2020 Presidential Election

During the 2020 presidential election, republican candidate Donald Trump won the state with 69.94% of the tallied votes (193,559 vs 73,491 votes). The Democratic candidate, Joe Biden, received 26.5% of the vote, while third-party candidates received the remaining 3.1%.

Donald Trump

69.94% of votes

Joe Biden

26.5% of votes

Wyoming Voting Statistics

According to the Wyoming Secretary of State Office, as of April 2023, Wyoming had 216,037 total registered voters. A breakdown of figures shows 177,751 voters registered as Republicans, 22,788 registered as Democrats, while other voters registered as Libertarian, unaffiliated, or other.


Voter Turnout

During the 2020 general elections, Wyoming recorded a 62.6% voter turnout, with 278,503 votes out of a possible 445,025. Voter turnout during the 2018, 2016, and 2014 elections was lower, recorded at 46.4%, 57.95 and 38.5%, respectivel.

Note: 2020's voter turnout marked Wyoming's largest turnout since the 2008 general elections, which recorded a 64.4% turnout rate.

General Election

YearVoter TurnoutTurnout Percentage (Voting Age Population)

How Educated in Wyoming

In 2022, 93.7% of residents aged 25 years or older had a high school diploma or higher. For residents aged 18 to 24 years, 37% were high school graduates, 10% had a bachelor’s degree or higher, and 42% had some college or associate’s degree. Overall, roughly one out of four (28.5%) residents had a Bachelor’s degree or higher.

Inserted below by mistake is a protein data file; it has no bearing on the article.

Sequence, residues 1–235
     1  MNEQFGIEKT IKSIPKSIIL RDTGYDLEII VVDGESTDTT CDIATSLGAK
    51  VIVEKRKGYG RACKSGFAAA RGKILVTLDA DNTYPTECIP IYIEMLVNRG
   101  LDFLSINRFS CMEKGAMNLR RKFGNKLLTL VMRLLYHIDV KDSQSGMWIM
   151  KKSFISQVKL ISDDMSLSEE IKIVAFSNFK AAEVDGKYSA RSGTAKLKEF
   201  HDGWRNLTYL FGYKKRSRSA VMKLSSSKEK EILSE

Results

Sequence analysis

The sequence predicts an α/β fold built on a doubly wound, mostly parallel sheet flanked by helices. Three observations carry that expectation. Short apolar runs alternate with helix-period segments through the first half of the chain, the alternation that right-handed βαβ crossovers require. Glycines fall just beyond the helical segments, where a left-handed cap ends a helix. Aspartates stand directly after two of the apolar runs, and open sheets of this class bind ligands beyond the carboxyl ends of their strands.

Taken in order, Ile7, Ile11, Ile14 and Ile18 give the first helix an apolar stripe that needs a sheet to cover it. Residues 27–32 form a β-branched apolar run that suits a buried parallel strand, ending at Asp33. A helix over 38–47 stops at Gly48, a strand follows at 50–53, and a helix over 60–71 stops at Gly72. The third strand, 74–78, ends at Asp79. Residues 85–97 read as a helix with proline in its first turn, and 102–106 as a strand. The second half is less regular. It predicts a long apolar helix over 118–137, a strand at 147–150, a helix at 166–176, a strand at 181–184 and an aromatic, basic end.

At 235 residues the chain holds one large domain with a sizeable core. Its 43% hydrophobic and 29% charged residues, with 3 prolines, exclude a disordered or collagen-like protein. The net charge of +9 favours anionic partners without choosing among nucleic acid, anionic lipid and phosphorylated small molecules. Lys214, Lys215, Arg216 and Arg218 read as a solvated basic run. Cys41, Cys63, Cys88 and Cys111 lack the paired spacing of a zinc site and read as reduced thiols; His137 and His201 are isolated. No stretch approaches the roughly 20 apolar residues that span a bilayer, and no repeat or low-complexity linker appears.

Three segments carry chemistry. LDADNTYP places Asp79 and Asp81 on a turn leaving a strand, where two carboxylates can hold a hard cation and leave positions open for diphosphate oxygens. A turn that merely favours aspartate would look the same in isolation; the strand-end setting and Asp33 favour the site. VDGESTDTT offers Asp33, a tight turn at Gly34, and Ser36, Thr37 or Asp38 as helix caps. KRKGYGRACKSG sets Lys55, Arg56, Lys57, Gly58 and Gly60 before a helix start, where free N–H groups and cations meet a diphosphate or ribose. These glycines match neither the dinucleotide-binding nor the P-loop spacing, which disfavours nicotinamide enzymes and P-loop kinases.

Highest level of education attained.

Residents aged 35 to 44 years had the highest educational attainment, with 31.8% having a bachelor’s degree or higher.

As of 2023, Wyoming has eleven colleges and universities, made up of three private and eight public institutions. The University of Wyoming is the largest college, with over 11,400 students enrolled as of 2023. It’s followed by Sheridan College, Laramie College, and Casper College, with 3,921, 3,883, and 3,405 enrollments, respectively.

Wyoming Employment Rate

According to data published by the Wyoming Department of Workforce Services, Research & Planning for February 2023, Wyoming’s unemployment rate is 3.8%, slightly higher than the national average of 3.6%. Seasonal employment among residents increased by 0.4% (1,180), indicating a positive trend.

Between 2022 and 2023, the unemployment rate fell in five counties, Big Horn, Campbell, Converse, Natrona, and Weston but remained unchanged in Johnson, Park, and Sweetwater counties. In contrast, the unemployment rate rose across the other 15 counties.Fremont recorded the highest unemployment rate (5%, up from 4.4%), followed by Sublette (4.8%, up from 4.6%) and Niobrara (4.7%, up from 2.7%).

According to data published by the Bureau of Labor Statistics for the same period in 2023, Wyoming had a civilian workforce of approximately 295,500 persons. Of this number, 284,000 were employed, while 11,100 were unemployed. The government sector was a top employer providing 68,000 jobs, closely followed by the Trade, Transportation, and Utilities sector with 52,300 jobs. Other major industries in the state included Leisure and Hospitality (38,100 jobs), Education and Health Services (29.6%), and Construction (21.5%).

Compared to other industries, the Mining, Logging, and Construction sector and the Leisure and Hospitality sectors marked the biggest 12-month growth, increasing by 6.3% between 2022 and 2023. Conversely, job growth slowed in the Trade, Transportation, and Utilities sector, dipping by 2.9%.

Average Income in Wyoming